Friday, August 15, 2014

Wendell Berry on Invading Iraq

As the [u]nited States embark on yet another invasion of Iraq, it is worth recalling the words of Caintuck’s talented poet, essayist, novelist, and farmer Wendell Berry, which he penned at the start of the American Empire’s first invasion of that country in 1991.  The sickness of the typical self-righteous American soul described so well by Mr Berry below, dismayingly, has not improved very much in the intervening years.  And that does not bode well for anyone in the world.

Sabbath Poem I from 1991

The year begins with war.
Our bombs fall day and night,
Hour after hour, by death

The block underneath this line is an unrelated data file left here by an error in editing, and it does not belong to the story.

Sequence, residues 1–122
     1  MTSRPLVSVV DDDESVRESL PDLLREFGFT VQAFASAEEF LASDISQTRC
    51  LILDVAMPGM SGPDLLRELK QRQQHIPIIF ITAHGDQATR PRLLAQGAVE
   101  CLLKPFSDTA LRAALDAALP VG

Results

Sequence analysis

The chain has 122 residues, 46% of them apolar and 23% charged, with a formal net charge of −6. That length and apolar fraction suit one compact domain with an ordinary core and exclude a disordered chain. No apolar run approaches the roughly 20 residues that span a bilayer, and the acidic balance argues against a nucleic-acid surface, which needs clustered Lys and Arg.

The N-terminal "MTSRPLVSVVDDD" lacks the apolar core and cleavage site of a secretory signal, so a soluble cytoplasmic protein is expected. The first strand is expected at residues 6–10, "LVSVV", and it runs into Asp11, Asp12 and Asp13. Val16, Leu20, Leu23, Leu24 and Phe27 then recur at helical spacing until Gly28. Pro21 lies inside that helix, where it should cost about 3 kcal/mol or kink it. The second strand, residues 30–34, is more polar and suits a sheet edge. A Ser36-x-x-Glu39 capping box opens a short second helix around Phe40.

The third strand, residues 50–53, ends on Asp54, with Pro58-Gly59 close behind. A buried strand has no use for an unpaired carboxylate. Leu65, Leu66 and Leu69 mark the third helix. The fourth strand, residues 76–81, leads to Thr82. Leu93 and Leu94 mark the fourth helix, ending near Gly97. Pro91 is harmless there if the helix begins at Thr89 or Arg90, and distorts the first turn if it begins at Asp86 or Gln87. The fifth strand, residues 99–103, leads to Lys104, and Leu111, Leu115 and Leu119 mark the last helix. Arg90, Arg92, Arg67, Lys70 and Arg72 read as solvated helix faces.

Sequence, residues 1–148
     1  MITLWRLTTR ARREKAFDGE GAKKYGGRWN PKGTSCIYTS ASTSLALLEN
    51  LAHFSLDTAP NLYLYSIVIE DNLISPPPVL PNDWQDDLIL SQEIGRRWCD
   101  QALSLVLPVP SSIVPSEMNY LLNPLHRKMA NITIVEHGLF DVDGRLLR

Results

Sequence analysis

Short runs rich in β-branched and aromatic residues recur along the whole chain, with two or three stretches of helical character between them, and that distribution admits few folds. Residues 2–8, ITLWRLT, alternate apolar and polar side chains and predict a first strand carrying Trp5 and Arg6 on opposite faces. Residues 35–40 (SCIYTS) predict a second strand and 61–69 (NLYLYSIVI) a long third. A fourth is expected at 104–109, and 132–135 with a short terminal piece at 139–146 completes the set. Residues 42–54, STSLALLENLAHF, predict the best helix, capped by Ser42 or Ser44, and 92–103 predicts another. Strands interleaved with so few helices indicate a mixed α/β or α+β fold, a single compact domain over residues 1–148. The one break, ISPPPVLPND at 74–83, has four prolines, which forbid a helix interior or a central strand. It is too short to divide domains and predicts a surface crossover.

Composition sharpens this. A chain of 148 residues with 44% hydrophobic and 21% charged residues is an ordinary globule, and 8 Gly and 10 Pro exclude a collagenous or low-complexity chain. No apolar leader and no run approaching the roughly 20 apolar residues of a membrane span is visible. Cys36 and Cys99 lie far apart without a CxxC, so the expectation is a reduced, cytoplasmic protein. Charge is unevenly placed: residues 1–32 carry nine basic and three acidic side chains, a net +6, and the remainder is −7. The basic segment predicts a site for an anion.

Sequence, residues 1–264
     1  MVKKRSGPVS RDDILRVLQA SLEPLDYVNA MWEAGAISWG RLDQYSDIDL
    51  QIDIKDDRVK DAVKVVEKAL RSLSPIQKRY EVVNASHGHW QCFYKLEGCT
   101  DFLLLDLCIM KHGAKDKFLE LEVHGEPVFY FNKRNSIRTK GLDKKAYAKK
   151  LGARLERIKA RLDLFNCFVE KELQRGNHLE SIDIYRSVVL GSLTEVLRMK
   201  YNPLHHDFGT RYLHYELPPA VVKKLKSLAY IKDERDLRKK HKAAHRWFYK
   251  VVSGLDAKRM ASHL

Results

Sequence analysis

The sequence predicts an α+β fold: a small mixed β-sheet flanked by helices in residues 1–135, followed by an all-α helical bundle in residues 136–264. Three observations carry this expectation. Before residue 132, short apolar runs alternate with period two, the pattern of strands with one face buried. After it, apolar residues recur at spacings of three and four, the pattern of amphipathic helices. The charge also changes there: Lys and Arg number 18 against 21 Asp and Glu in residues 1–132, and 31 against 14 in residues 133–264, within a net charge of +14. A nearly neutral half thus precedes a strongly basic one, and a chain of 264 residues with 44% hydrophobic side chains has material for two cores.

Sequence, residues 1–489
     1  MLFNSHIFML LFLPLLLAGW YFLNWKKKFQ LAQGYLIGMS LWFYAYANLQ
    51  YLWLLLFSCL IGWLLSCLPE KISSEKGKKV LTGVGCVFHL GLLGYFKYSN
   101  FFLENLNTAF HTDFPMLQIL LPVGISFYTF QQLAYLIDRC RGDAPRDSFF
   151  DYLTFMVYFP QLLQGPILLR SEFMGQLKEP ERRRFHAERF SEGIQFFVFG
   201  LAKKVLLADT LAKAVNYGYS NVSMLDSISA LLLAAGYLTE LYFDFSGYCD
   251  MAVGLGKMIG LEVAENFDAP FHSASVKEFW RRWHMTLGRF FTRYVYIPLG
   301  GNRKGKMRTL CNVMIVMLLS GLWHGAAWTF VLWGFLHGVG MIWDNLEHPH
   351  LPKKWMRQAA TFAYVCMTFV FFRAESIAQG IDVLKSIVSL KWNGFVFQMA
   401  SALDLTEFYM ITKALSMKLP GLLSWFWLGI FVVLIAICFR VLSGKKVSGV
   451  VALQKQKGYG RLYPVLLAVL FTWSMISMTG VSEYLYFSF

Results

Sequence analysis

Abroad appeasing wrath,
Folly, and greed at home.
Upon our giddy tower
We’d oversway the world.
Our hate comes down to kill
Those whom we do not see,
For we have given up
Our sight to those in power
And to machines, and now
Are blind to all the world.
This is a nation where
No lovely thing can last.
We trample, gouge, and blast;
The people leave the land;
The land flows to the sea.
Fine men and women die,
The fine old houses fall,
The fine old trees come down:
Highway and shopping mall
Still guarantee the right
And liberty to be
A peaceful murderer,
A murderous worshipper,
A slender glutton, Forgiving
No enemy, forgiven
By none, we live the death
Of liberty, become
What we have feared to be.

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